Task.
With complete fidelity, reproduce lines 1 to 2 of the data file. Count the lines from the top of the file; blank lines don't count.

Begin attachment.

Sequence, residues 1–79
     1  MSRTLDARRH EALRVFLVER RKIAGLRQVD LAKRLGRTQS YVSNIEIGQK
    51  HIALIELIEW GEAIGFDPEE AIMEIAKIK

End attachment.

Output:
Sequence, residues 1–79
     1  MSRTLDARRH EALRVFLVER RKIAGLRQVD LAKRLGRTQS YVSNIEIGQK